An intrusive tabloid photographer character from Fellini’s 1960 classic La Dolce Vita called ‘Paparazzo’ (which the director thought suggested an irritating, buzzing mosquito) may have given this breed of sneaky snappers their moniker. But there’s another Italian name synonymous with devious, in-your-face celebrity photography: Galella. Ron Galella.
Dubbed “the Godfather of the US paparazzi culture” by Time magazine and described by Harper’s Bazaar as “the most controversial paparazzo of all time”, Bronx born-and-bred Galella first took up the camera while serving for five years as a US Air Force photographer during the Korean War. Subsequently honing his craft at the Art Centre College of Design in Los Angeles, Galella supported his studies by shooting actors arriving at Hollywood premieres and events, selling the images for a few dollars a pop to magazines and newspapers.
Returning to New York after he graduated, Galella continued to pursue the occupation that had kept him in beer money during his college years. Unable to afford a professional set-up, necessity proved to be the mother of invention. “I came back to my father’s house in the Bronx. I didn’t have money for a studio,” Galella told Vanity Fair in 2015. “So the streets became my studio. I built a photo lab in my father’s basement, and I started doing something that wasn’t being done, which was capturing spontaneity. Other photographers would do posed and well-lit pictures. I captured celebrities in their environments: at parties, in airports, when they were not aware of the photographer or the camera. This was the real them. That’s what photojournalism is about.”
Though today paps are commonly thought of as artless parasites, snatching grainy, pixelated telephoto pictures of dangling celebrity appendages and post-baby bods, Galella said, “I’ve always felt that I’m more than a paparazzo,” and considers his life’s work legitimate photojournalism: “that’s what I got a degree (in) … I worked hard at my craft, too … To me, photography was an art. It’s the modern art of today. It’s the magic medium.”
While his work’s inclusion in countless respected museum and private collections – and within the pages of top publications such as Vogue, The New York Times, Rolling Stone and Life – add weight to his assertion of photojournalistic and artistic credentials, some have accused Galella of grubby, stalkerish obsessiveness in his pursuit of the perfect ‘spontaneous’ celebrity portrait. Most famously, Jacqueline Kennedy Onassis.
Galella first shot Jackie in 1967, and finding the images to be hot property, soon began hounding the former First Lady and her children to such an extent that she took out a restraining order against Galella in 1972, prohibiting him from coming within 50 feet of her or the late JFK’s kids. The following year, Marlon Brando (who’d reportedly had an affair with Jackie) ‘sucker-punched’ Galella outside a Manhattan restaurant, shattering his jaw and knocking out five of his teeth. The photographer promptly sued Brando — not so much for the money, more to discourage other subjects from thinking “they can go around punching me if I am taking their picture,” as Galella said — and took to wearing a gridiron football helmet in future encounters with the pugilistic thespian.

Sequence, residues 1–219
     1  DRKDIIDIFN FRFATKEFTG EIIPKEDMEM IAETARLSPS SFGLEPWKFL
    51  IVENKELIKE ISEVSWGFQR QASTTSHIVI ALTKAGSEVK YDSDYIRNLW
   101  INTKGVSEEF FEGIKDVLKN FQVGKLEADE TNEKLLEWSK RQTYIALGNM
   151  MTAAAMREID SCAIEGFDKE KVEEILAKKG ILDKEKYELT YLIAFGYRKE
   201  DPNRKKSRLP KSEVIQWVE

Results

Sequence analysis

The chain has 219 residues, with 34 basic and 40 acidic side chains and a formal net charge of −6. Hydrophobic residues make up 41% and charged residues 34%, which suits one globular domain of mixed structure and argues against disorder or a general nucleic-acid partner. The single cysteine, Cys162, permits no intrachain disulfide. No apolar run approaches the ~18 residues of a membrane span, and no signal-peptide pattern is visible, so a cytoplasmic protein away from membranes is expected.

Certain famous individuals happily played along with Galella — most notably, his friend Andy Warhol, who dished tips to the photographer on the best celeb hunting grounds of the day, and helped Galella access his famous pals at Studio 54 (Liza Minnelli, Mick and Bianca Jagger, Roy Halston Frowick, Truman Capote, Michael Jackson et al), and once remarked, “My idea of a good picture is one that’s in focus and of a famous person doing something unfamous. It’s being in the right place at the wrong time. That’s why my favorite photographer is Ron Galella.”
Many stars shamelessly mimed the hand-in-front-of-the-face ‘no pictures’ pose while in fact acquiescing to being photographed. Others, however, took a more standoffish, Brando-esque approach. Jackie Onassis instructed her minders to smash Galella’s camera. After discovering Galella hiding out in his and Elizabeth Taylor’s Mexico pool-house, Richard Burton requested his on-site bodyguards to beat Galella so badly he was hospitalised — after which he was then thrown in jail. Elvis Presley’s people slashed Galella’s tyres. Brigitte Bardot’s security detail hosed him down. And in just one of numerous encounters, Sean Penn spat on and punched the photographer, who’d been shooting the quick-fisted Brat Pack actor with then-spouse Madonna.
Galella certainly suffered for his art, but all those uncomfortable night-long stakeouts, spittings, beatings and batterings have paid off handsomely for the groundbreaking paparazzo. He now enjoys a very comfortable retirement thanks to the enduring popularity of iconic ‘celebrity ambush’ shots of the likes of Robert Redford, Warren Beatty, Steve McQueen, Brooke Shields, David Bowie, Valentino, Sophia Loren, Sylvester Stallone, Frank Sinatra, Dustin Hoffman, Robert De Niro, Al Pacino, Ali McGraw, Jack Nicholson and John Lennon — not to mention all those hard-won pics of Elizabeth Taylor and longtime meal-ticket, Jackie Onassis.
Today, Galella only dusts off his gear for the annual Met Gala. Aged 86 and suffering with arthritis, he’s no longer nimble enough for the paparazzi game. Anyway, why bother when the stars are putting it all out there themselves? “I loved my job, and I did it in its golden era,” Galella told Vanity Fair. “Nowadays the media overexposes the celebrities. There’s no mystery,” he said, ruing the contemporary world of stage-managed celebrity paparazzi set-ups, ‘leaked’ sex tapes, hacked nudes and calculated selfies that he — as a pioneer in laying bare the everyday lives of the rich and famous — played no small part in spawning.